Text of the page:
Finally, when everything was said and done, a bunch of politicians got together and decided which of these forgeries belonged in the bible and which didn’t.

    But forget even all that. read the 4 gospels again. Read the resurrection, read the last supper, find a good way to reconcile the vastly different accounts, then just for fun, add Paul’s own mythical Jesus into the mix and let’s have fun. 

    Forgery or not, this Jesus guy has enough problems, a wife wouldn’t be the worse thing to happen to him.

  • cl

    Why not just post a link to one of the non-Vatican sources you mentioned?

    I left it incumbent on the free-thinking atheists here to do their own research, but, nonetheless, Chris has made an initial offering in that direction (though I suggest further digging still). 

    If other researchers not associated with the Vatican are coming to the same conclusions, that’s a lot better of an argument than “but we apologized to Galileo” is.

    I agree, but, I wasn’t attempting to make an argument here. Rather, I was criticizing the “friendly atheist” for a distinct lack of critical thinking and objective reporting in favor of rhetoric which bolsters a pre-determined conclusion—both big “no-no’s” in any respectable intellectual circle.

  • cl

    I wouldn’t be surprised at all if this snippet was a forgery, but if it is, it would actually fit right in the about 80% of the gospels anyway.

    Are you being intentionally dishonest? Or just shamelessly ignorant? Either way, it doesn’t bode well.

    I mean, what is “real” about the bible?

    Uh… nevermind. My previous question is now answered. You are shamelessly ignorant, at the very least.

  • Sindigo

    Oh fair enough then, since they apologised to Galileo we can forgive them the other times when they failed to uncover the truth. Like their continued opposition to condom use in Africa, which has killed thousands upon thousands of people or the systematic protection of pedophile priests or simply the fact that they worship a fictional god. You’re right, since they recognise the truth of evolution they must be on the side of truth.

  • Gribblethemunchkin

    I know, I know, never feed the trolls, but I can’t help it. cl, if you read Marco C’s comment in full, please explain to us, how do you think the bible was written and where does you account differ from Marco C’s. Do you think the bible was written earlier? Do you know the history of the apocrypha, how do the councils of Carthage and Rome not support Marco Cs comment?

    The gospels are ancient, translated, often poorly, over millenia, by people who weren’t there and who often had preconceptions and biases they put on the texts.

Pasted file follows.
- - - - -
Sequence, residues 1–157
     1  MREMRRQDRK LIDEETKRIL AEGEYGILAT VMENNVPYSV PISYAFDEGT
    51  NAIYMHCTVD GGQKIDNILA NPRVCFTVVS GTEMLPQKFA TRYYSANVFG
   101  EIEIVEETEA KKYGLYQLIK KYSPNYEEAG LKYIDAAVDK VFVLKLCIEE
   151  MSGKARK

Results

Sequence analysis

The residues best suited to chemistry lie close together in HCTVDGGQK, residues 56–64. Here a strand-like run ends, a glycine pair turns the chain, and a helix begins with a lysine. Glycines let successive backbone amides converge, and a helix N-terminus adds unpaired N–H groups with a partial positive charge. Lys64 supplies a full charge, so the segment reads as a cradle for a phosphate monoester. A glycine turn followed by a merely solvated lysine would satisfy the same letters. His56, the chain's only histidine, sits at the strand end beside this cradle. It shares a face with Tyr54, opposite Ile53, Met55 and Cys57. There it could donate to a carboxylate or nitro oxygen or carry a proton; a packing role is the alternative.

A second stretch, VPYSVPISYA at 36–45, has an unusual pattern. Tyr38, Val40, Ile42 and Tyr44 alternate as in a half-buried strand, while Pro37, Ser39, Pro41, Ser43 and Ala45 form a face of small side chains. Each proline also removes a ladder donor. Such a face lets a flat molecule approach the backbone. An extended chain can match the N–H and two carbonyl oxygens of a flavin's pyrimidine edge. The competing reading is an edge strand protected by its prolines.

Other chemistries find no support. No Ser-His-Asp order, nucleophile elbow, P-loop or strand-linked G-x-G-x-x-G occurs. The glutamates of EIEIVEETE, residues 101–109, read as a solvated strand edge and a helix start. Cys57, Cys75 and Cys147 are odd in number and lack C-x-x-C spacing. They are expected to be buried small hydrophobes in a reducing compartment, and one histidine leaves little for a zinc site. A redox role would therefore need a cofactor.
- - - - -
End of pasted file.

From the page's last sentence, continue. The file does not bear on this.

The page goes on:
When you say that Marco C is shamelessly ignorant, are you ignoring the vast swathes of christianity that swear up and down the King James bible is the “correct” version? How lucky for they that they happen to have been raised with that version.

  • PabloHoney

    How can Jesus have a wife if he never existed?

  • Guest

    I love all the jokes circulating about the gospel of Jesus’ wife, but I feel compelled to respond to this post.  I am working on a master’s in religious studies, and we just studied this fragment last week.  The media loves to sensationalize stories like this.  It’s important to remember what the scholars have to say on the subject.  Karen King, who wrote the original article about the gospel of Jesus’ wife, emphasizes that this fragment is important not for what it tells us about the historical Jesus, (since it was composed in the late 2nd century it doesn’t give us historical information), but for what it tells us about how some early Christians viewed Jesus.  It is a lot of fun to speculate, though.

  • chicago dyke, Blonde

     real scholars, even Christians, admit that when it comes to archaeological standards. so much of the mythology of Christian belief fails to live up to a higher, factually based standard, the same that we hold to almost every other religion in the history of the world. it’s so easy to accept and admit that it’s probably highly likely that the myths that describe gods with the heads of animals or magical bridges or magical serpents who devour the world… are just myth. scholarship supports that assertion, and most people including those who aren’t scholars go along with it just fine. but when people in the west point out that “hey, there isn’t a lot of scientific evidence here that backs up any of these claims. most of what we have is the work of believers, often hundreds of years later who were never “there” even if there was a “there” to be at” get shouted down. in the end the vast majority of the so called evidence for the life of christ is highly suspect, and would never be accepted as proof if JC were a godling named Ganesh or Laxlatl.